Mr Cove believes that but for Fred Grigg's expertise and time - he had to give up work after breaking his neck in an accident - the shelter would still be "a hole in the ground". It is his technical knowledge which has fulfilled the requirements of health and safety inspectors, and turned electrical bits and bobs into special effects on a financial shoestring, now augmented by frequent paying visits from other schools anxious to bring to life the requirements of key stage 2 and 3 in history (Home Front 39-45).
But for imaginative children, much of the lingering memory of the experience comes in the wartime exhibits and Fred's encyclopaedic and gossipy knowledge. A natural storyteller and showman, he instinctively knows which details will appeal most to children of different ages - and adults, too.
One of the prize exhibits is the small collection of fake wartime soap, as sold by spivs. There is the Kilty soap, generally sold with the confiding promise that the buyer could sell it on at a profit. But more than once recipients discovered its principal ingredients were lard and talcum powder.
Another is the Jester saltwater soap, which looked deceptively like the household brand of Sunlight once the name had been removed with a hot spoon.
Mr Grigg explains: "It washes in salt water. The only problem is that it doesn't work with ordinary water, and if you get it on your skin you smell like a rancid polecat. I know, because I made the mistake of touching it and couldn't get rid of the smell for days."
There is an authentic, razor-sharp, bayonet, a selection of Home Guard literature on improbable methods of street-to-street fighting to be used in case of invasion, gas masks, and, what Mr Grigg endearingly calls the thunderbox.
This convenience - one of just five originally in the shelter - consists of a wooden shelf with a round hole cut in the middle, a bucket ("the original") beneath, and a curtain.
"They had to hold it shut with a foot, whistle or sing very loudly - and be quick. Can you imagine it with all those children down here?" Clifford Street pupils can. It is one of the things that makes them shudder about wartime life, along with lack of meat and living on delicacies such as powdered egg and the vegetarian Lord Woolton's Pie.
"You'd have to sing and whistle. It would be so embarrassing," muses nine-year-old Emily Boyd.
Astonishingly, out of a selection of six Year 5 pupils, only one admitted to having known anything about World War Two before - surely some must have watched a repeat of Dad's Army without having made the connection?
"It's not a bit like Dad's Army," says Nathan Meech, 9. David Traynor, 10, told me: "There was a programme on telly about it but I can't remember its name. Learning about the war was a bit of a surprise."
One of the few plus points the pupils could see was the potential for play. Liquorice, apparently, was a vital ingredient for cowboys and indians. Well licked, it could be used to make markings on the face, while gobstoppers also had their uses.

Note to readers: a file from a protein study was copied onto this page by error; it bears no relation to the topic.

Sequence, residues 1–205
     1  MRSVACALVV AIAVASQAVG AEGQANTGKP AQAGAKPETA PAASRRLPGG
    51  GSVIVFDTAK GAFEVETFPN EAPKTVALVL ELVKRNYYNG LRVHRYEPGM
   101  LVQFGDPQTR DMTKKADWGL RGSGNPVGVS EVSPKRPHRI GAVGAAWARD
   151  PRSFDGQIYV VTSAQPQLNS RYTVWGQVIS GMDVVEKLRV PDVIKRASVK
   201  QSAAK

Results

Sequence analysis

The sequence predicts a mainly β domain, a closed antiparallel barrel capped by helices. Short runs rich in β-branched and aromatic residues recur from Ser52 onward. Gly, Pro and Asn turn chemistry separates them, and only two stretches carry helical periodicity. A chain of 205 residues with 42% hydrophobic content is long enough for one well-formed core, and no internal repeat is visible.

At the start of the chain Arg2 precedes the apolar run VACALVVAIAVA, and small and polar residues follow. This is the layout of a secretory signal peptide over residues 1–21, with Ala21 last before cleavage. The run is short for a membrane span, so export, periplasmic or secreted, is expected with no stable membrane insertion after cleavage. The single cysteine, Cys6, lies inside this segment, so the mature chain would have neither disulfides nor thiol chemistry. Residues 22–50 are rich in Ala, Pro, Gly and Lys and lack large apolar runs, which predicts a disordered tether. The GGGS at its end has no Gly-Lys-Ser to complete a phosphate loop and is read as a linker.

One of Fred Grigg's proudest possessions is the scrapbook containing letters from pupils from all over the county who have visited the shelter as part of their work on the Home Front. Reading some of the comments demonstrates how their tour brought the reality of war home to children.
"I like the noise which made my tummy rumble and it was loud, it made me block my ears," wrote Tom.
"I liked it when the lights went dim and then we heard the bombing. I felt as if I was really there. Now I know how the children felt in those days," wrote another. "I especially liked hearing what happened with the soap. Love Jade."
There is a darker side. At least one school shelter received a direct hit after a bomb skidded across the playground and down its mouth. The Bloomsbury shelter in central London was sealed as a war grave. News of another hit on a school shelter in Croydon was suppressed by the Government for reasons of morale. And communal shelters all over the capital suffered, including at least one Tube station.
There were 88 raids on Ipswich - an easy target on a river estuary - and at least 200 local people slept in the Clifford Road shelters every night, overseen by a large fisherman's wife who kept order and the place spotless for 46d a month. The worst damage to the school came from odd bits of machine-gun fire to the roof, probably by air crews using up ammunition before turning for home. The damage was only recently discovered when the tiles were replaced.
But there is one secret the adults are keeping. George, the shelter ghost. Many of the parents who put in unpaid hours labouring in tunnels have heard footsteps. Brooms and keys move. Lights switch themselves on overnight.
Mr Grigg is affectionate towards his spook. "No one died down here, we've checked in the school logbook. He's just a memory. But if we've got a party coming, we say 'George, behave yourself. And he does'."
Clifford Road Primary School, Clifford Road, Ipswich PIP4 1PJ. Tel: 0473 251605.